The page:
Over the next 30 days, The Birmingham Buff will feature 30 remarkable women who have made their mark on Birmingham’s history.
A Woman You Should Know #5
Carrie Tuggle, a married mother of four and welfare officer, stood in the courtroom as two destitute black boys went before a judge. The boys were about to be sentenced for some petty crime, but Tuggle stepped in and offered to take the boys home to live with her. The judge agreed with her plea. Not long after, the idea to start a home and school for youthful offenders and orphans was birthed.
Carrie A. Greggs was born into slavery in Eufaula, Ala., in 1858. She married John Tuggle there and had four children. She and her family moved to Birmingham in 1900 for greater opportunities. The Tuggle Institute, after much struggle to raise funds, was opened September 3, 1903.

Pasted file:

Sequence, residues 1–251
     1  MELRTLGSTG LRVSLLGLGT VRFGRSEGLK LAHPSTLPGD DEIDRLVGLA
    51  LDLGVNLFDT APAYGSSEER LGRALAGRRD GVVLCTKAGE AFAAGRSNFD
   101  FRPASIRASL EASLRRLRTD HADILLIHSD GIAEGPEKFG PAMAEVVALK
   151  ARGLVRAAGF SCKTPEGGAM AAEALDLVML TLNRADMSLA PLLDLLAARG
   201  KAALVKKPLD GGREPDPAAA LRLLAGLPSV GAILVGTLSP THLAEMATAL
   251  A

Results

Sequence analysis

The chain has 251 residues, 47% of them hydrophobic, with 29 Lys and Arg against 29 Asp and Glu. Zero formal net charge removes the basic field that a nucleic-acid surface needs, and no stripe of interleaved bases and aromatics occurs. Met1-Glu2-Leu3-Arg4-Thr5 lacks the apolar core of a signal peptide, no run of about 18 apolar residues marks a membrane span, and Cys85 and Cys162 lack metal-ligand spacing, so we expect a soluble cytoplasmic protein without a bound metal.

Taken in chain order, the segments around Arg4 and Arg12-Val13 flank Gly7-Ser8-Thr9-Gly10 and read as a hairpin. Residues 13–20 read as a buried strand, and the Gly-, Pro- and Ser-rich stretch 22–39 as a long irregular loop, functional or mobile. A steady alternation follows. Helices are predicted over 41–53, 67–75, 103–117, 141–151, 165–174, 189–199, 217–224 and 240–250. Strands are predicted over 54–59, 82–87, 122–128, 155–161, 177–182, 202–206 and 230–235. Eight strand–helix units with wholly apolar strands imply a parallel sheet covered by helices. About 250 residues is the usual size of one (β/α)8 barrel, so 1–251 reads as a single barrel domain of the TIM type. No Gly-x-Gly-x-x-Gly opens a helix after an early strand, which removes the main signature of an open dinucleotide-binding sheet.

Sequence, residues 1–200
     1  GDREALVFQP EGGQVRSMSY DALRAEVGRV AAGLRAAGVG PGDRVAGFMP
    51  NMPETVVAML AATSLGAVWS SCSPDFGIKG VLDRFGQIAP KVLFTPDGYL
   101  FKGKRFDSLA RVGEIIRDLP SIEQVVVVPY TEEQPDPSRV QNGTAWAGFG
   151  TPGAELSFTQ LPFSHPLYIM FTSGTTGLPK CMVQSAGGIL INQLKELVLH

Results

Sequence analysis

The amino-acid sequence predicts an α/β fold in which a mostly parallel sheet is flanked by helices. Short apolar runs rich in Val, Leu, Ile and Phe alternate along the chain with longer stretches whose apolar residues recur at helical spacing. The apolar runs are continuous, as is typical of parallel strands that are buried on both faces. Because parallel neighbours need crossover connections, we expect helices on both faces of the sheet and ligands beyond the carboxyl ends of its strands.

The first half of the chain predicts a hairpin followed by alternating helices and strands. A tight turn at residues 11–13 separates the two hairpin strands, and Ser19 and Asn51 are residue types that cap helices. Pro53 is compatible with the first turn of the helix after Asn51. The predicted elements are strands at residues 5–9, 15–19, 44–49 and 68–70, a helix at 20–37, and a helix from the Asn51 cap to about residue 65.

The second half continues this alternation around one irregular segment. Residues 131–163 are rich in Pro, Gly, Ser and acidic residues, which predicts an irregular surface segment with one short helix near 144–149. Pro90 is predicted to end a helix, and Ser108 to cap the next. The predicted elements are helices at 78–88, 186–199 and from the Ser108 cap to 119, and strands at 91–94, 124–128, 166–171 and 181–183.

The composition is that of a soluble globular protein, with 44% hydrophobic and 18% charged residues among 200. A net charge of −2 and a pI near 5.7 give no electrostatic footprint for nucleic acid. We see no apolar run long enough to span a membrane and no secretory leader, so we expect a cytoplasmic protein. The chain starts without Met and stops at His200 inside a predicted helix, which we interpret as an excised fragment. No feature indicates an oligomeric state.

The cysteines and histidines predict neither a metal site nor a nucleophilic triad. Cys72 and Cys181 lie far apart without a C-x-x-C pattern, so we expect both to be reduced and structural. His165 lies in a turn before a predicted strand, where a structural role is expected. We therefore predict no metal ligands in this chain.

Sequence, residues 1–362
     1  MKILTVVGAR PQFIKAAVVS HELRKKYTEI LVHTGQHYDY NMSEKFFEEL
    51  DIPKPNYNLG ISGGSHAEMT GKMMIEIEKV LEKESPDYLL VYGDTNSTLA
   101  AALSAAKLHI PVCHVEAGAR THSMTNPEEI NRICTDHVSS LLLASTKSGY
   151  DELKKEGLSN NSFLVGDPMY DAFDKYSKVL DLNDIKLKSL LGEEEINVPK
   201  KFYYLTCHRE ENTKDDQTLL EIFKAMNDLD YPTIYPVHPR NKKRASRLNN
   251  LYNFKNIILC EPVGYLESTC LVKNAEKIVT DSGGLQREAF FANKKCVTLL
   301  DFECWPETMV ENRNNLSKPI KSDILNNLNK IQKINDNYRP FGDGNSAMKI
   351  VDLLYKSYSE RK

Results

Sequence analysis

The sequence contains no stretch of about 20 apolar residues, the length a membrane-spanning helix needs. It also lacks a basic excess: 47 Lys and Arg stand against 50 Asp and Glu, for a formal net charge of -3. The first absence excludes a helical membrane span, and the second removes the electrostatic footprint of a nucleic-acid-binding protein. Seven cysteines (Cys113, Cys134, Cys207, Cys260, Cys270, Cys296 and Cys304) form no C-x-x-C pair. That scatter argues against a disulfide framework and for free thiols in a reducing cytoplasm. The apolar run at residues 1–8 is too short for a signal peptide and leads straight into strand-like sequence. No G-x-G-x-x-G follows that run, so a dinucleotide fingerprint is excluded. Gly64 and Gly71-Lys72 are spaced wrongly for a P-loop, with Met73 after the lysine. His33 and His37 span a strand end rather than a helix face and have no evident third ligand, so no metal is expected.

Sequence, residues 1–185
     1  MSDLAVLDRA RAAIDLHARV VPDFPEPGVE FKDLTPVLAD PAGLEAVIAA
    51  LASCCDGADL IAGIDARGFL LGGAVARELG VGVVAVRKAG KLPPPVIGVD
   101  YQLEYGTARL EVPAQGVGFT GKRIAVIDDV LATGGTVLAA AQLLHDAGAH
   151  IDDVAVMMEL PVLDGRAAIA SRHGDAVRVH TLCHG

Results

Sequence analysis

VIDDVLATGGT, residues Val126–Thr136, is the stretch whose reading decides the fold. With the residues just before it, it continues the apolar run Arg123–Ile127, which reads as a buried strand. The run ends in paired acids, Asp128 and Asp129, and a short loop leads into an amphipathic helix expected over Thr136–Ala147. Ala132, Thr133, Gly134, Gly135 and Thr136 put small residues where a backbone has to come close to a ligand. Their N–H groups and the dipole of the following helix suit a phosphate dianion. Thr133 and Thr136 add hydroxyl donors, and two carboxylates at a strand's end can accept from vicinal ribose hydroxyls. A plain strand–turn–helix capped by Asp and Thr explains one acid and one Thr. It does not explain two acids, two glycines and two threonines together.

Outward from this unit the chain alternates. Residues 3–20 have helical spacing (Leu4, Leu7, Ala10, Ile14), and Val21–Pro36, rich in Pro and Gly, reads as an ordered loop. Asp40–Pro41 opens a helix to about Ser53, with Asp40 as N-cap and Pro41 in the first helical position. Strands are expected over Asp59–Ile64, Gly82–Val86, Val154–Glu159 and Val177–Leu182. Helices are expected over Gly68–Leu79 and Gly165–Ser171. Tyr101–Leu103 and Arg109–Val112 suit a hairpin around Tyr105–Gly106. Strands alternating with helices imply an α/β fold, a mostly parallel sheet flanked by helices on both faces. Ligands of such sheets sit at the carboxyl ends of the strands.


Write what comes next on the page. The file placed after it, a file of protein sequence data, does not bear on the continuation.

Nestled in the black middle-class neighborhood of Enon Ridge, the school grew quickly and soon began to take in neighborhood students as well. Some of the school’s students included successful businessman A.G. Gaston, influential jazz musician John “Fess” Whatley and Big Band composer and musician Erskine Hawkins.
The school adopted the Tuskegee Institute’s philosophy of industrial education, emphasizing the importance of a skilled trade over classical learning.
Tuggle remained the school’s headmistress until her death on this day in 1924. It became affiliated with the Birmingham school system in 1926, and the school’s name was changed to Enon Ridge School in 1934 when the Birmingham Board of Education purchased it. Two years later the school was renamed Tuggle Elementary School.